Audible, I like you. I love being able to bookmark sections with notes and come back later to review. CS Lewis requires lots of thinking for me and there's no way to listen once and

    0 of 0 people found this review helpful
  •  
    David flagstaff, AZ, United States 01-07-12
    David flagstaff, AZ, United States 01-07-12 Member Since 2009
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    "Great Read on Timeless Issues"

    The Great Divorce is an interesting take on the human condition. The Abolition of Man was hard to keep up with. I'll need to listen to it again.

    0 of 0 people found this review helpful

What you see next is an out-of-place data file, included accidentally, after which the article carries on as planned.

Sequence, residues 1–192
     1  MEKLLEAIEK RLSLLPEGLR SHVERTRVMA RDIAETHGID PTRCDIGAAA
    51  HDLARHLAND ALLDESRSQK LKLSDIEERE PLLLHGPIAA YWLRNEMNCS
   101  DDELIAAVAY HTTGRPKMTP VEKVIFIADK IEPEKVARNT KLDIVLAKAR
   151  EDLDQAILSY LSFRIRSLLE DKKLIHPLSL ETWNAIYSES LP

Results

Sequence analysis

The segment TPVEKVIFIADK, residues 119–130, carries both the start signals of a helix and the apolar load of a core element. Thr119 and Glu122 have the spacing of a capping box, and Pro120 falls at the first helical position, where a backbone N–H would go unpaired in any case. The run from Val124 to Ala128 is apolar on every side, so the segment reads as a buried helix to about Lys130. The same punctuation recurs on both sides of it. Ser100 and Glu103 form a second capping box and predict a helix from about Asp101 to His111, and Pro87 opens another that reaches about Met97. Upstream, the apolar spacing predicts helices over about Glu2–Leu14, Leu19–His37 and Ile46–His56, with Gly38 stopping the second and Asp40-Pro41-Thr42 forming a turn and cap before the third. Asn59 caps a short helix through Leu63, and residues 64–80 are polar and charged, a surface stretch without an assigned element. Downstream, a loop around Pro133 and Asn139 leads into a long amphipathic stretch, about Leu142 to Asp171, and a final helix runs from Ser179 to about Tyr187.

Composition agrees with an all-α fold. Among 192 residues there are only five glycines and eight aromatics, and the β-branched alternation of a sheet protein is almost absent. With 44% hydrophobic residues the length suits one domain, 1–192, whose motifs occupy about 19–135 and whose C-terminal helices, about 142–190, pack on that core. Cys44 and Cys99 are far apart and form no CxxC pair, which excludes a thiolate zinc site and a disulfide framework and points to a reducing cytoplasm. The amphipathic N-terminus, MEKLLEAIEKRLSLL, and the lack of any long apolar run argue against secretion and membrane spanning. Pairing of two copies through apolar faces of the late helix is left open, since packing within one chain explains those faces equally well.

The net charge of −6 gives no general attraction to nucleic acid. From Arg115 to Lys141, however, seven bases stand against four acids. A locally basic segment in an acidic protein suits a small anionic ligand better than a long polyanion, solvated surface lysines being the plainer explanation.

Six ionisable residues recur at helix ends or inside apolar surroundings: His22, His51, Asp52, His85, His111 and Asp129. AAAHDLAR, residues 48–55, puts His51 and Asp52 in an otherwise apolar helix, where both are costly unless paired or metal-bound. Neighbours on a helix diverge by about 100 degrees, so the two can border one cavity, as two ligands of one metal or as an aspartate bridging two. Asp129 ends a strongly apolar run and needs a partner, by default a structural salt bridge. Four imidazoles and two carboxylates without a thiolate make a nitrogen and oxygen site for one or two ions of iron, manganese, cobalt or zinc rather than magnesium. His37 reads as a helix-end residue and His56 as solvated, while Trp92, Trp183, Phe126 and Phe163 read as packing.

•  
    Jeremy United States 12-30-11
    Jeremy United States 12-30-11
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    "Loved it!"
    If you could sum up The Abolition of Man & The Great Divorce in three words, what would they be?

    deeply thought provoking


    Any additional comments?

    My only complaint is that I didn't particularly feel that the two books went well together. The abolition of man is not actually even a story at all.

    0 of 0 people found this review helpful
  •  
    Aaron 09-12-11
    Aaron 09-12-11
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    "A favorite"

    I enjoyed hearing this short fictional work again. C.S. Lewis is a favorite. An original work for sure.

    0 of 0 people found this review helpful
  •  
    PETER Berry, Australia 04-05-11
    PETER Berry, Australia 04-05-11
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    "CS Lewis at his best"